Tuesday, February 23, 2021

Paper Romans in Germania, Part I

Quinctilius Varus, give me back my legions!”


In my last post I mentioned my recent interest in wargaming ancient Roman conflicts, specifically those on the Germanic frontier, to find some temporary respite from the pandemic and my own internal issues. The journey grew into one of the more satisfying diversion strategies to keep my mind off various anxieties and help me relax. Like abandoning one’s self in a good movie for two hours or getting absorbed in a good book, immersing ourselves in an entertaining activity can help us escape so we can face life’s woes with renewed energy and a fresh perspective. Goodness knows I have plenty of diversions at hand – roleplaying games, board games, miniature and chit-and-hex wargames, plus books both fiction and non-fiction to read and re-read – but I have many interests to tempt me into new endeavors, even among these existing forms. So I embarked on a journey back to ancient Rome, on the frontier with Germania Magna along the river Rhenus (Rhine), perhaps at the fortress town of Moguntiacum (Mainz, which I’d visited long ago on a family vacation), preparing my Roman soldiers to sortie into the dark Teutonic forests.

Tuesday, February 16, 2021

WEG Memoirs: The Interview

In my futile attempts to find solace from the pandemic and my own internal issues I’ve immersed myself in wargaming ancient Roman conflicts, specifically those on the Germanic frontier. I’ve always maintained an interest in ancient history (among numerous other historical periods). The Roman Empire remains one in which I’ve dabbled on and off over the years to varying depths. Though I’ve never been to Rome I’ve visited several sites on travels in my misspent youth, including Trier, Germany (ancient Augusta Treverorum, capital of the province of Gallia Belgica), the Christian catacombs in Salzburg (Iuvavum), and the reconstructed auxiliary fort Saalburg in Germany. As a pandemic diversion I ordered several books to set me on a path to wargaming engagements from this period: Peter Dennis’ Wargame: The Roman Invasion, AD 43-84 (supplemented by some PDF downloads from his wonderful Peter’s Paperboys website), Daniel Mersey’s A Wargamer's Guide to the Early Roman Empire, and two Osprey books (also illustrated by Dennis), Teutoburg Forest AD 9 and Roman Soldier vs Germanic Warrior: 1st Century AD. So between history, paper miniatures, and game rules (including Bob Cordery’s The Portable Wargame and Developing The Portable Wargame and Neil Thomas’ One-hour Wargames) I’m all set up to fight a few ancient battles defending the borders of Rome from the Germanic barbarians.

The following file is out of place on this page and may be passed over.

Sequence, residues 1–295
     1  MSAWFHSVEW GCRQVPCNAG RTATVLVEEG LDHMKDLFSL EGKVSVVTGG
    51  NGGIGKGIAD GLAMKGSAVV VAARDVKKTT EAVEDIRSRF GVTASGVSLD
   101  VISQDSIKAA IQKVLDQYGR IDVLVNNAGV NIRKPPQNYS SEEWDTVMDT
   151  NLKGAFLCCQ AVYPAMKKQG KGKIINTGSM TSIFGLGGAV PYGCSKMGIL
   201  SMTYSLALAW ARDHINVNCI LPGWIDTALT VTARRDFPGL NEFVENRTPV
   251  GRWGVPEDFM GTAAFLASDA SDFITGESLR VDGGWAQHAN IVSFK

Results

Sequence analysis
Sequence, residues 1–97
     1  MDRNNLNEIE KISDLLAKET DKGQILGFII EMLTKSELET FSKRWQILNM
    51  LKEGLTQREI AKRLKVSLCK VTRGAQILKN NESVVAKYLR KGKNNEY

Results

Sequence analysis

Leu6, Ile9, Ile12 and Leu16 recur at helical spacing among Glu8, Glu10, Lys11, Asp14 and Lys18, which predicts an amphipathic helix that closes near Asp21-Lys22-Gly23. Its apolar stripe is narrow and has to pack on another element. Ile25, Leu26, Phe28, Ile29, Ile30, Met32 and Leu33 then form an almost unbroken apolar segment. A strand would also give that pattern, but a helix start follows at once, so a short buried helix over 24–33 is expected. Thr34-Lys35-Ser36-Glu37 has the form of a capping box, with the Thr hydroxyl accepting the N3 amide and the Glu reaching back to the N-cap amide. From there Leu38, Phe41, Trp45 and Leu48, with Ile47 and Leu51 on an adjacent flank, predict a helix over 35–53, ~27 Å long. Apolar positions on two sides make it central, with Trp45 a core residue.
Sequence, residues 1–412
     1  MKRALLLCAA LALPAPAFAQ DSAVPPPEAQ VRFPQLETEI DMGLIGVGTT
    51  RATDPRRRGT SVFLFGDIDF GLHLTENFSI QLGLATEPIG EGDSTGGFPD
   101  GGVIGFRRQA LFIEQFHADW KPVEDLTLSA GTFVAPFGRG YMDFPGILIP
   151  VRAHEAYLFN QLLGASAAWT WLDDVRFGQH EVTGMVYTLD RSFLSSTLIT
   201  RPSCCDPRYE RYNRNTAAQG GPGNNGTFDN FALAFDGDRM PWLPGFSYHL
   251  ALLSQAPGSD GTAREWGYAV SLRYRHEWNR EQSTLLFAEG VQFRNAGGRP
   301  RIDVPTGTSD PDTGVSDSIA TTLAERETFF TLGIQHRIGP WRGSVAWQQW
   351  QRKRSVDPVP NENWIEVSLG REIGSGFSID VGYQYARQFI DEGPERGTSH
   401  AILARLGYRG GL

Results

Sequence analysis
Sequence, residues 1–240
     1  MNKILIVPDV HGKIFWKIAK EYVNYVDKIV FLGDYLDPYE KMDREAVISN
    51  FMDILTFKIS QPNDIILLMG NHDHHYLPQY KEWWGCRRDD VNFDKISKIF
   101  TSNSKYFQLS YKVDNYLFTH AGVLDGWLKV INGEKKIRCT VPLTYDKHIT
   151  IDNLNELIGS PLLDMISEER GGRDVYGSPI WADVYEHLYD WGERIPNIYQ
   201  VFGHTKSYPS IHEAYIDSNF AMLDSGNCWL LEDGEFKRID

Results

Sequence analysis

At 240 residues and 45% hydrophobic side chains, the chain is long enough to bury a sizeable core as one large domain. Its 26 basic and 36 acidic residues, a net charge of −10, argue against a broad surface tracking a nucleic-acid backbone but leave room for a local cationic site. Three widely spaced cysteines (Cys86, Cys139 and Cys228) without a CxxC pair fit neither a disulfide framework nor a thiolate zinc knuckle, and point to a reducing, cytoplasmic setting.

But all this evokes an episode from my roleplaying game past. In this case, oddly enough, all this focus on ancient Roman history reminded me of my interview for an editorial position at West End Games way back in the spring of 1993.

Tuesday, February 2, 2021

Why We Wargame

 Explain to our boys in the Army why we are fighting, and the principles for which we are fighting.”

General George C. Marshall

This week Worthington Publishing is wrapping up a Kickstarter campaign to fund its latest game, Tarawa 1943, a solitaire wargame of the US Marine Corps invasion of that Pacific island during World War II. Although I’m not a huge fan of the war in the Pacific, I was tempted by several factors: it offers me a chance to explore an aspect of WWII I’ve not dabbled in before; Worthington games have high production values; and I enjoy solitaire games. It brings to mind the numerous reasons why I – and presumably others – play historical wargames. These games also remind me of the turbulent times in human history when ordinary people were called (voluntarily or otherwise) to make courageous sacrifices.